Ball velocities can then be computed by numerically differentiating the marker positions in the respective reference frames to produce linear and rotational velocities for the ball. Using Singular Value Decomposition (SVD) to fit a plane to the point cloud of each marker’s position over time in the <xyz>frame and averaging them generates an axis of rotation for determining angular velocity. Immediately before and after contact the ball is in free fall and gravity and air resistance are the only forces acting. Over a sufficiently short time span, the acceleration resulting from these gravitational and resistance forces will be negligible and instantaneous velocity can be approximated by averaging the appropriate number of data points. Gravitational force has minimal effect on rotation, allowing for a longer averaging window for angular velocity. By measuring velocities immediately before and after contact with contact duration, the total impulse applied to the ball can be computed and an average force calculated (Hibbeler, 2004b). For the translation velocity calculation, a window of 8 frames after the end of contact was used, while for the rotational velocity a longer window of 50 frames was used, since rotational velocity is not affected by the gravitational force. The contact time is the duration of the rapid increase in the x-direction velocity, which averaged to be about 20 ms. The temporal force profile of the volleyball bouncing on a force plate approximated a Gaussian distribution, so the peak force was estimated by creating a Gaussian function with an area equal to the impulse and a width of the contact time. This calculated force is equal and opposite to the force that the ball applies to the hand.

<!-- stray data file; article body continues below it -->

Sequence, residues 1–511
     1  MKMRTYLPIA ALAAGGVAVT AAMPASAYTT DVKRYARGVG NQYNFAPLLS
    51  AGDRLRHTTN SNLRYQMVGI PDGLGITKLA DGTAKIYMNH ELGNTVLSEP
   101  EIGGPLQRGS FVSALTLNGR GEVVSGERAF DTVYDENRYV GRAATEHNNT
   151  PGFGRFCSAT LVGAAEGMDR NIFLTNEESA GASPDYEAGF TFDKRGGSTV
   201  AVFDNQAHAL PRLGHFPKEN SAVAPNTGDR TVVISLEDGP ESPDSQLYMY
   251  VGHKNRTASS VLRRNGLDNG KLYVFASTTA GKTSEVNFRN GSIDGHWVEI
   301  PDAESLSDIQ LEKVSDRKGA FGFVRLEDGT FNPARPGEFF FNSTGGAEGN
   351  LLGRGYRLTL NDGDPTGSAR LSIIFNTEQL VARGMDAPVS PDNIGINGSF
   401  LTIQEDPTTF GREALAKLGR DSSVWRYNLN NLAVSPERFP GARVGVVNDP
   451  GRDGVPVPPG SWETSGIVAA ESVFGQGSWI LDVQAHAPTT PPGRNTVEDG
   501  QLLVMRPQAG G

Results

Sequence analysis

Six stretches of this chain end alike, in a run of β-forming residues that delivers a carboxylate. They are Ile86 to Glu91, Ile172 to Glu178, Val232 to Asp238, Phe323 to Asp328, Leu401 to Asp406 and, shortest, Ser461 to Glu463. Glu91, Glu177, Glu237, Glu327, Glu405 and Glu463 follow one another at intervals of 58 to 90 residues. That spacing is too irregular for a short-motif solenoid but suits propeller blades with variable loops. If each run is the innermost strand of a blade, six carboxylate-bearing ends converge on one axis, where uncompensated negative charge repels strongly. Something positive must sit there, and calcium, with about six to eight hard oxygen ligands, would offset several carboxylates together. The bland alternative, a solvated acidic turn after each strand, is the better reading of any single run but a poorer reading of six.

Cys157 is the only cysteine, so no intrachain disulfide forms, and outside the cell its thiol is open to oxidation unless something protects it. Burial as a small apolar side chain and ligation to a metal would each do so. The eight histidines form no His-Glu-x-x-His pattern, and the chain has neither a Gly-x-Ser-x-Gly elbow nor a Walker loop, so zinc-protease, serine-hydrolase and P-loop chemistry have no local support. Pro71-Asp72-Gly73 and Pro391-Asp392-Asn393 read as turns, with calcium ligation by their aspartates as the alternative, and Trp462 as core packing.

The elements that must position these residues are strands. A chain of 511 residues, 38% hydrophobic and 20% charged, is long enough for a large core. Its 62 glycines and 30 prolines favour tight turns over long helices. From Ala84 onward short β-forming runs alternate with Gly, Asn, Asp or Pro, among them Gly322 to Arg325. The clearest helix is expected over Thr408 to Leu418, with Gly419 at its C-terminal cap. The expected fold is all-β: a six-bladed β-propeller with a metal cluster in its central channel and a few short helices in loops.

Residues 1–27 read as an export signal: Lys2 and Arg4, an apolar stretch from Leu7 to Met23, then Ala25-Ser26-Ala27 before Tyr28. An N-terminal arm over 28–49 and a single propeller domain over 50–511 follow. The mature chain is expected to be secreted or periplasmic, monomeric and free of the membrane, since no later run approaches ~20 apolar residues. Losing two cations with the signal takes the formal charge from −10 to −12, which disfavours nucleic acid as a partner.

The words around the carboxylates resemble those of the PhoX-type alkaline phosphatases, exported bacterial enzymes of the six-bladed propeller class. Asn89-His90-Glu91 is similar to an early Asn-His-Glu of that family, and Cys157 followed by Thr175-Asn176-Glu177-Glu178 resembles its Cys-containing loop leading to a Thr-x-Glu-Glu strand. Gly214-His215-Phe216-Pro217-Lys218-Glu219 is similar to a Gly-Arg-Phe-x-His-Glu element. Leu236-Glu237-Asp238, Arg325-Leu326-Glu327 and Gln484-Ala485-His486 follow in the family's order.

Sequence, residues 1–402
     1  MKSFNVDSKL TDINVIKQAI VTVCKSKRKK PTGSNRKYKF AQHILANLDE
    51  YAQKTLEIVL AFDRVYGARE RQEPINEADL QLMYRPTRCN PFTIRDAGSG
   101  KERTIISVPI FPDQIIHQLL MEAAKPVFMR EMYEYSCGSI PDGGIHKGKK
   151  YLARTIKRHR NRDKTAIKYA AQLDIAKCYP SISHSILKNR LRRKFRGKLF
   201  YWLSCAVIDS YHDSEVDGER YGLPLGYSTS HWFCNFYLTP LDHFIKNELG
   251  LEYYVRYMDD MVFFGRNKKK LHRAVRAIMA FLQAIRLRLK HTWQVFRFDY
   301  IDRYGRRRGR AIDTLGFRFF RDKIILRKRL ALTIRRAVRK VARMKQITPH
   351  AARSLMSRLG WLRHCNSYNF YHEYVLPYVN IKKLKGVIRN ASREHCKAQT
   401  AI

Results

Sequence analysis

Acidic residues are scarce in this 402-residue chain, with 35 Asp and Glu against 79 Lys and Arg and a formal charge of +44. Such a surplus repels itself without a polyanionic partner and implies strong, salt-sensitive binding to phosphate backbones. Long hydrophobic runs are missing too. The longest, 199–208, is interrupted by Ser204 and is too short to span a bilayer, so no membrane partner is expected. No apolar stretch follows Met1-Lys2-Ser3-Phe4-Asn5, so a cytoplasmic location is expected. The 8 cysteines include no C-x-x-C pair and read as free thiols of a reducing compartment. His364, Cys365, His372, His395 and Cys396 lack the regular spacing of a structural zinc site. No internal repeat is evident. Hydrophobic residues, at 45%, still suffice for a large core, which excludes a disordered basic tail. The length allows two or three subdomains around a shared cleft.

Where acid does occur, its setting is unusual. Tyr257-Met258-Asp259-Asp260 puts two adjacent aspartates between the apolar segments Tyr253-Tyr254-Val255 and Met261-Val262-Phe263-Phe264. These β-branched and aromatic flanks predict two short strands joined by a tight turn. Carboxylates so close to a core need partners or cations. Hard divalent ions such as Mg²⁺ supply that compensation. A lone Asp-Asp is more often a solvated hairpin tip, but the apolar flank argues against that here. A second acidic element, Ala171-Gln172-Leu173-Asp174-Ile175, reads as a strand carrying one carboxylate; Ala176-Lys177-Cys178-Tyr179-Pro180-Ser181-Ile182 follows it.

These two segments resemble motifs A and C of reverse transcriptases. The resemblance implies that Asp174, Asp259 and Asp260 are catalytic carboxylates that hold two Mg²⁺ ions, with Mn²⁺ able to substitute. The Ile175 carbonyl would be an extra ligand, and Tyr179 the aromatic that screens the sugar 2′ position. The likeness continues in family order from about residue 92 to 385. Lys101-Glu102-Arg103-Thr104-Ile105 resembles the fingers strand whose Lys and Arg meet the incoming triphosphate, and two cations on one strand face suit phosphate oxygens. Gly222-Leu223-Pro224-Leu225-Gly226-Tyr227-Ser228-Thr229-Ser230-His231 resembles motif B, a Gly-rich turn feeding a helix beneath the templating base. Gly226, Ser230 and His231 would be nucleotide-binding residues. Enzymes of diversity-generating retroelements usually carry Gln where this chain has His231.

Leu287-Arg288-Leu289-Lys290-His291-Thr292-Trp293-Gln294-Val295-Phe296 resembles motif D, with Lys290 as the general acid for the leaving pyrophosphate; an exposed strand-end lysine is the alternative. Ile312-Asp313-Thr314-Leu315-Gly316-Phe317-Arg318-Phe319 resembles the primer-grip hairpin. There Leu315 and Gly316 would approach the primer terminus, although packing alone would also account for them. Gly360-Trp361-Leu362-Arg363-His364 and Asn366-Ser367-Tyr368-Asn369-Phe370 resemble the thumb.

Modeling of shoulder kinematics and dynamics